Even so, industry leaders believe demand for promotional products could remain suppressed through the end of 2020 at least. How long the projected sales slowdown lasts will depend, they say, on variables beyond the industry’s control, such as the return to something approximating “business as usual” in the U.S. and the corralling of COVID-19. However, even in a bear market dazed by recession there will be opportunities. It’s all about finding the right ones.

David Nicholson, president of Top 40 supplier Polyconcept North America (asi/78897), believes that some end-markets will return to strong spending on promo quicker than others. “Employee recognition, safety, wellness and new hiring will likely be attractive segments,” says Nicholson. “It’s safe to say that travel, events and conferences will be impacted for quite some time before returning to pre-crisis levels.”

“As an industry, promo can evolve very quickly, which is a great strength,” adds Nadel. “We can sell to whichever industry is doing well, be it home gyms, testing companies, Zoom and others. And, we can move away from the industries doing poorly.”

Business Goes Virtual

Around mid-March, the workplace dynamics of promo and much of the rest of America experienced an immediate metamorphosis. Suddenly, seemingly everyone with a job who could work from home began doing just that. It was a consequence of the coronavirus prompting closures of offices, whether through government-mandate or self-imposed by companies.

Jo Gilley
“The hope is we’ve all learned to make strong plans for abrupt shutdown and slowdown possibilities.”
Jo Gilley, Overture Promotions

When the smoke clears on COVID-19, expect many in promo and the broader marketplace who work from home to continue to do so, at least part of the time, even if it wasn’t the practice in the past. “Many employees who’ve never worked from home before might not want to return to the office,” says Borst.

There’s potentially a world of implications in that.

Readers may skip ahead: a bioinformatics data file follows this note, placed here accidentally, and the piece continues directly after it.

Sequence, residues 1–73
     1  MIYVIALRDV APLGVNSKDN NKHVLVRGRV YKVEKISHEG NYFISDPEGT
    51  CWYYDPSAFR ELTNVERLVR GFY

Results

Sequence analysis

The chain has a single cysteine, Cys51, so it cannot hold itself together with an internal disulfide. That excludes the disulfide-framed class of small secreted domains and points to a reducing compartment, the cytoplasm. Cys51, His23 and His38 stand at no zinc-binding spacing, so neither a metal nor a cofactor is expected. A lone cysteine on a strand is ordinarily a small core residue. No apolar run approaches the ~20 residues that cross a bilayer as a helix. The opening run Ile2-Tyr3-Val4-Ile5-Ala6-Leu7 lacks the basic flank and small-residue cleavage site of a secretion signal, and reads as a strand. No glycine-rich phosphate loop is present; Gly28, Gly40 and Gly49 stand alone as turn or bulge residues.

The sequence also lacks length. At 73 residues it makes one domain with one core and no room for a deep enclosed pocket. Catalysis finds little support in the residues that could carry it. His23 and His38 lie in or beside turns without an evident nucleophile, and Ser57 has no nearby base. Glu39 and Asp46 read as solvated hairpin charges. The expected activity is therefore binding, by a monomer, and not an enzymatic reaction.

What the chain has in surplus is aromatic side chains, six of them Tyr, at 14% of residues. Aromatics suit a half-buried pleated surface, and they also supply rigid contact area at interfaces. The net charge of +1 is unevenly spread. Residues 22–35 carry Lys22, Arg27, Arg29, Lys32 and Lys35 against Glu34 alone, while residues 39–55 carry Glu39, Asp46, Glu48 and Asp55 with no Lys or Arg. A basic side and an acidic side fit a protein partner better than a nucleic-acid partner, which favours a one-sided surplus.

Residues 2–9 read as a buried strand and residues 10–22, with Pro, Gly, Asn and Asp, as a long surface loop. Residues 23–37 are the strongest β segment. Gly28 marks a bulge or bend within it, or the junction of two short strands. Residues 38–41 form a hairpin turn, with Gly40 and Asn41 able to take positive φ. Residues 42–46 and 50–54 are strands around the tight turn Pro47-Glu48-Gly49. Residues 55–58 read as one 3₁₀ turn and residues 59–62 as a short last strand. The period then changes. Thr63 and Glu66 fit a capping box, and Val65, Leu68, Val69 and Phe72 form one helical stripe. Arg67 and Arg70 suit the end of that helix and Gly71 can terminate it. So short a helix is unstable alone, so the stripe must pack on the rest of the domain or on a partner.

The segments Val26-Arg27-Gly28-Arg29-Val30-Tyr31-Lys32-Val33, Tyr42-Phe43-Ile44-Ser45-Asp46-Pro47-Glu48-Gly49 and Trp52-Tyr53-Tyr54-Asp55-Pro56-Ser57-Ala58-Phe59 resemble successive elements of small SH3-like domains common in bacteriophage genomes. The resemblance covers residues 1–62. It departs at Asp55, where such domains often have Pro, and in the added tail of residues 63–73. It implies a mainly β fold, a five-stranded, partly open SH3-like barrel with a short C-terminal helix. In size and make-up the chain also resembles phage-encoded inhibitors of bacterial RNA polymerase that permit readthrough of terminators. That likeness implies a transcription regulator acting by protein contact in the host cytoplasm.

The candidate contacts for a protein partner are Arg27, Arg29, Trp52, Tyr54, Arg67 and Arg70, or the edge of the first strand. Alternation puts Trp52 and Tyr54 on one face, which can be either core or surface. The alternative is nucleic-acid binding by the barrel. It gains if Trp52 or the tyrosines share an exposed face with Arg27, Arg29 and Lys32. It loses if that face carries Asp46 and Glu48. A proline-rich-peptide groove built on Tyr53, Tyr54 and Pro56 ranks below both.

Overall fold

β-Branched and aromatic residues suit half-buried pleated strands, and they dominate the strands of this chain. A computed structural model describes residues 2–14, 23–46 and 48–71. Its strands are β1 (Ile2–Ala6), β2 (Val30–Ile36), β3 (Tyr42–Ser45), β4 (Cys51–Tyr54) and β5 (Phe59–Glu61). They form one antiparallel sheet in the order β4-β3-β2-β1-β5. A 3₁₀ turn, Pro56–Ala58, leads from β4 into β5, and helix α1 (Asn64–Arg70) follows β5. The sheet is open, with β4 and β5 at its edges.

On the operations side, promo companies will need to ensure they have the tech, processes and communication protocols in place to accommodate working from home. From a marketplace perspective, sales professionals will have to become increasingly proficient at using digital communication tools, as more end-buyers could desire virtual interactions rather than face-to-face meetings as they settle into their new work-from-home norm.

“Whether it’s being able to flex key functions to a work-from-home configuration, or having the ability to engage with customers remotely but effectively, COVID-19 has forced the promo industry to take a crash course in doing business virtually,” says Chris Anderson, CEO of Top 40 supplier HPG (asi/61966). “Many of these forced adaptations will likely persist long after the current outbreak has passed.”

Pervasive practice of remote work could also drive more end-buyers to e-commerce promo purchasing, some believe. “The crisis may accelerate the shift to online purchasing as companies may continue to have a greater number of employees working from home,” says Nicholson.

Despite all the adversity and shifting tectonics, top promo executives believe the industry will, in the long run, persevere and prosper.

“As an industry, we recovered from 9/11 and the ’09 recession and came out stronger,” says Nicholson. “It was our collective resilience and the longstanding partnerships between suppliers and distributors that were key during those periods. I’m optimistic that we’ll see that play out again during this crisis. As tough as things may seem today, we have to remember we’ve recovered and rebuilt this industry before.”